The other day I spent an entire day stacking firewood. It’s a lot of work; but it’s not really that hard. I’d load the wheelbarrow (which is kneeling, squatting or stooping labor), run it to the stacks, stack stack stack. Repeat. After a few trips, I’d retire to the patio and combine some relaxing with some digital work. The parts where I managed to be aware of what I was doing—the sounds, smells, sights, and visceral sensations of hard work—it was definitely enjoyable. Most likely because I find the results of the effort (a warm fire in cold winter) meaningful. It’s any time the meaning seems to be missing that I find I get into trouble.

A quest

To be on a quest is nothing more or less than to become an asker of questions.

~ Sam Keen

To love one true

It warms my heart any time I discover someone writing on the open web. But boy howdy is it a good day when it’s also someone I know, who I think more people need to hear from.

I write because I need to.

~ Jesse Danger from,

I’m biased, of course. Most people don’t write out in the open (I’m not criticizing.) Being a someone who does simply means I understand the urge, and the challenge (and the fear) that goes into the pensive from which writing ensues.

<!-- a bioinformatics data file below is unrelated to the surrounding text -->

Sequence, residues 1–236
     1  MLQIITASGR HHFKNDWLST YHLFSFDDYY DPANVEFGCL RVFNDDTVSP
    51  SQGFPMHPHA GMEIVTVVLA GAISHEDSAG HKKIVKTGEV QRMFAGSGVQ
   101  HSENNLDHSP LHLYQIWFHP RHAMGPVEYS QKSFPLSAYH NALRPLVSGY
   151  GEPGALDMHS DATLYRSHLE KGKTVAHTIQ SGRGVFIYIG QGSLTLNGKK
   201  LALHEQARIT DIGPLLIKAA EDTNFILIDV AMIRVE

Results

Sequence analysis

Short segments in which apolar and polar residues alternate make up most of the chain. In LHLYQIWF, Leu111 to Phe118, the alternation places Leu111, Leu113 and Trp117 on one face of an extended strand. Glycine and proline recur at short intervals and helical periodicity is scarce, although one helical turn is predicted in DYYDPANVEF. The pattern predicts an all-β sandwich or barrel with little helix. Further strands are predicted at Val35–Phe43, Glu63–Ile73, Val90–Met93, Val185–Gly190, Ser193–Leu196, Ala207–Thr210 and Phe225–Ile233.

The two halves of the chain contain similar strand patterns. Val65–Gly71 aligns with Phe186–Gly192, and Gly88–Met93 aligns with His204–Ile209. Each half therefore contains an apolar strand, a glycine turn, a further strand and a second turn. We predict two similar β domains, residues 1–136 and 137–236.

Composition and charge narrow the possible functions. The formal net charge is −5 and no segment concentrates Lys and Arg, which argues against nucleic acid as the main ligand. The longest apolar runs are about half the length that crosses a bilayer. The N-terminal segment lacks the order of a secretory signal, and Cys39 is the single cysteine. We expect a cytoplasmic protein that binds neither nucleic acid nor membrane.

Know thyself

“Know thyself” is a piece of advice which is as old as civilization, and probably a great deal older. To follow that advice, a man must do more than indulge in introspection. If I would know myself, I must know my environment; for as a body, I am part of the environment, a natural object among other natural objects, and, as a mind, I consist to a great extent of my immediate reactions to the environment and of my secondary reactions to those primary reactions.

~ Aldous Huxley

Maybe try a map?

First a hat tip to Austin Kleon. His most-recent post, _Do you have a nemesis?_included a mind map, which is the most-recent of the countless times I’ve encountered mind mapping. I’m a fan of Kleon for many reasons, not least of which is that he, like me, flouts the usual guidelines for the capitalization of one’s titles.

I’ve tried mind mapping a few times. (What’s that? Did I overdo it with software and processes? …yes, of course!) Today, I was feeling unmotivated to write for Open + Curious. I thought, “Just start. JUST START!” But I simply didn’t want to face the blank screen of the digital document.

Instead, I opened my idea garden wherein I capture interesting nuggets to be seeds for future writing. In my garden, I rarely (I first wrote “never,” but I don’t want to jinx myself) have trouble finding a nugget to write about. I grabbed my favorite pen, and flipped to a blank sheet in the little binder I keep. So much action! I felt like I was already writing. /s

On that mind map I wrote the “something new” at the center. It’s not a meaningless bit of meta; it’s the central idea from a captured nugget. At this point, staring at the paper with my pen in hand felt great, versus facing a digital document which always feels too structured for me to think in. (ref. Sönke Ahrens.) In just a few minutes of thinking and scribbling I had all those bubbles. Then I had a title. …then a route. …an outline. And from there the writing felt doable.

Until next time, thanks for reading.